5 The public prosecution landscape |
115. The CPS describes itself as "the principal
prosecuting agency in England and Wales".
However, it is not the only agency. The Criminal Justice Act 1987
created the Serious Fraud Office (SFO), which investigates and
prosecutes serious and complex fraud. The Commissioners for Revenue
and Customs Act 2005 created the Revenue and Customs Prosecutions
Office (RCPO), which prosecutes cases brought by HM Revenue and
Customs (HMRC) and the Serious Organised Crime Agency (SOCA).
On 8 April 2009 the Solicitor General wrote to the Committee stating
that RCPO would be brought together with the CPS "in order
to deliver enhanced prosecution services to the public".
The merger is due to take place 2009-10, and to be consolidated
the following year; for a transitional period David Green QC,
Director of RCPO, will lead an HMRC prosecution service within
the new combined service, reporting directly to the Attorney General.
116. In addition to these prosecuting departments,
there are a range of other organisations that conduct prosecutions.
The Attorney General described a workshop attended by "over
40 prosecutors from prosecuting agencies as diverse as the Civil
Aviation Authority, Maritime and Coastguard Agency, FSA [Financial
Services Authority], DEFRA [Department for Environment, Food and
Rural Affairs], SOCA [Serious Organised Crime Agency], Office
of Fair Trading as well as the statutory prosecutors".
The CPS noted:
"There is no definitive list of organisations
that institute prosecutions in England and Wales. The common law
power to instigate private prosecutions is preserved under section
6(1) of the Prosecution of Offences Act 1985 and it is used by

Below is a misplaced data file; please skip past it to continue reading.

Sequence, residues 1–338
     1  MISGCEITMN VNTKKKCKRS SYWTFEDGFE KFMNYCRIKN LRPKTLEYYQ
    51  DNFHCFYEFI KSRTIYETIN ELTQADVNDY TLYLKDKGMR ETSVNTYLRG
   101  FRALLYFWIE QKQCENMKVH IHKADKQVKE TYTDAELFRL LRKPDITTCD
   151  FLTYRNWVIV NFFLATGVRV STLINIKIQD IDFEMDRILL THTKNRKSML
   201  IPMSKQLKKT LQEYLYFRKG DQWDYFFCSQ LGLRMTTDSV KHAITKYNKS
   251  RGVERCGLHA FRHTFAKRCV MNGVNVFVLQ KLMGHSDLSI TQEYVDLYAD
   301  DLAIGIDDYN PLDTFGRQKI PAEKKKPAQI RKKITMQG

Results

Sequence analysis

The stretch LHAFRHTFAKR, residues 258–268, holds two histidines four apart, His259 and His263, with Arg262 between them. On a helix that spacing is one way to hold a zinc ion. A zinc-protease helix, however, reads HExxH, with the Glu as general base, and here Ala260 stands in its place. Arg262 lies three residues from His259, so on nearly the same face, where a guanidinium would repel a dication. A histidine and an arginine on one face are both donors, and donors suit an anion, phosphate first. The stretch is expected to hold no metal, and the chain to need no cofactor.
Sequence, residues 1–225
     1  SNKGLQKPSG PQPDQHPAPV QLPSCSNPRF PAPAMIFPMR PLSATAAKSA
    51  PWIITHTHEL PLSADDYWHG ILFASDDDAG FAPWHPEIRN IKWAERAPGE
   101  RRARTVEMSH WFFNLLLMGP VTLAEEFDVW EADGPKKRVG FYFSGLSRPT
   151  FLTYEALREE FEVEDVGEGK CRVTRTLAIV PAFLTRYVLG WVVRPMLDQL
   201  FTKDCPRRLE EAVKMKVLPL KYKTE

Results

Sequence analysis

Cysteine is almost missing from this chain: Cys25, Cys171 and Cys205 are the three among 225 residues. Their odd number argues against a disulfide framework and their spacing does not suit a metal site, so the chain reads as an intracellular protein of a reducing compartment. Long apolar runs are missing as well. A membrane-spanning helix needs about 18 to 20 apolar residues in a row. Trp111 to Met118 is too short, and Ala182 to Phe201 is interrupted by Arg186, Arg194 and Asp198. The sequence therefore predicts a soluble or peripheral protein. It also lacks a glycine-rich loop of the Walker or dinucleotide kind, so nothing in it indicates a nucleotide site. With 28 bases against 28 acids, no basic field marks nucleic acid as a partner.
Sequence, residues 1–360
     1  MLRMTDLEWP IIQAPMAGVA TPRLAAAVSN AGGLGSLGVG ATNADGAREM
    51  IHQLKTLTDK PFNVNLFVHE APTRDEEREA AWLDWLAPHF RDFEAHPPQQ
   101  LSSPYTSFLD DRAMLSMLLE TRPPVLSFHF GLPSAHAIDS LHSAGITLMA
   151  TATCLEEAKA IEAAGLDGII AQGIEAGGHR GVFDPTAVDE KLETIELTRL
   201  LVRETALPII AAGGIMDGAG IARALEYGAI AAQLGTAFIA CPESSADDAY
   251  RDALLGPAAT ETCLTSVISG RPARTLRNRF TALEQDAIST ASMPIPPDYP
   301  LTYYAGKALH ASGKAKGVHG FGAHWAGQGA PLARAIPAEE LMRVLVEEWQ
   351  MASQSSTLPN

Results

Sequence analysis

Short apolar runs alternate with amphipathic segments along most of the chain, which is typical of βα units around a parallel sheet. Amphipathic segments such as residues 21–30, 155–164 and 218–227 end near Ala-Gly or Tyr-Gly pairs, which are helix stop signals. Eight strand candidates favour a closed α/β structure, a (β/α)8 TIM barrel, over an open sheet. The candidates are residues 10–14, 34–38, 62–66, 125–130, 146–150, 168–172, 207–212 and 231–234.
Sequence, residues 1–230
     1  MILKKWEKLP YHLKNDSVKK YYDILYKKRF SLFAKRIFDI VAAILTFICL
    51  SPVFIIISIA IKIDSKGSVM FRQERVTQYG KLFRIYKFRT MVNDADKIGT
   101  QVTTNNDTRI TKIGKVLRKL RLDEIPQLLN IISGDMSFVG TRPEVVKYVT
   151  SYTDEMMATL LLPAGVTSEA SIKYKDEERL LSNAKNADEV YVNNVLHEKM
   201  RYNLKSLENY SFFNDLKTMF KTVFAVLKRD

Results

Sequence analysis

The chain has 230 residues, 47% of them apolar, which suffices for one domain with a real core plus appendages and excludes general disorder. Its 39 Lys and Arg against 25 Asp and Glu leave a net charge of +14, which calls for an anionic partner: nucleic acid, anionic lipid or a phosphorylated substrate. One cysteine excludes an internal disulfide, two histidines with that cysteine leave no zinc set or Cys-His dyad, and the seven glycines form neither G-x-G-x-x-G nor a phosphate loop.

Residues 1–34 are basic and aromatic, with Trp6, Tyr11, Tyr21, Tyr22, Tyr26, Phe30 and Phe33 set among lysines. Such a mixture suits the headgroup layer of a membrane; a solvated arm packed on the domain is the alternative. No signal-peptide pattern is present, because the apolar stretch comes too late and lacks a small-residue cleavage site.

a number of organisations who otherwise do not have the statutory
power to prosecute".
The CPS identified organisations that institute prosecutions
including the Gambling Commission, the Driver & Vehicle Licensing
Authority, local authorities and the Royal Society for the Prevention
of Cruelty to Animals.
Further organisations invited to attend the Whitehall Prosecutors'
Group meeting (described below) include the National Health Service
and the Information Commissioner's Office.
117. The Attorney General describes the CPS as
"by far the biggest player in the delivery of prosecution
services", comparing workload data which shows the CPS completing
96,992 Crown Court cases in 2007-08, the RCPO 270 and the SFO
16. In terms of
other agencies that carry out prosecutions, in 2007-8 the Health
and Safety Executive (HSE) completed 565 cases, representing 1,028
In 2006-7 BERR (the Department for Business, Enterprise and Regulatory
Reform, now part of BIS, the Department for Business, Innovation
and Skills) prosecuted 277 defendants.
Whilst numerically handling far fewer cases than the CPS, nevertheless
the types of work conducted by other organisations may be important
in other ways. For example, the Health and Safety Executive has
a role in the investigation of work-related deaths; Gary Slapper,
Professor of Law at the Open University recently commented in
The Times "Globally, more people are killed each year
at work or through commercial enterprise more than two
million than die in wars". 
118. The variety of prosecuting agencies in England
and Wales contrasts with that of Scotland, where the Crown Office
and Procurator Fiscal Service has a "monopoly" over
prosecutions, and prosecutes:
"the cases investigated by some fifty reporting
agencies, including the Department of Work and Pensions, Health
and Safety Executive, Department of Trade and Industry, HM Revenue
and Customs, Serious Fraud Office, Television Licensing Authority,
and local authorities".
Thus several of the bodies which carry out prosecutions
in England and Wales, such as the Health and Safety Executive,
operate successfully in Scotland, where they pass cases for prosecution
to the Procurator Fiscal.
119. We discussed with our witnesses whether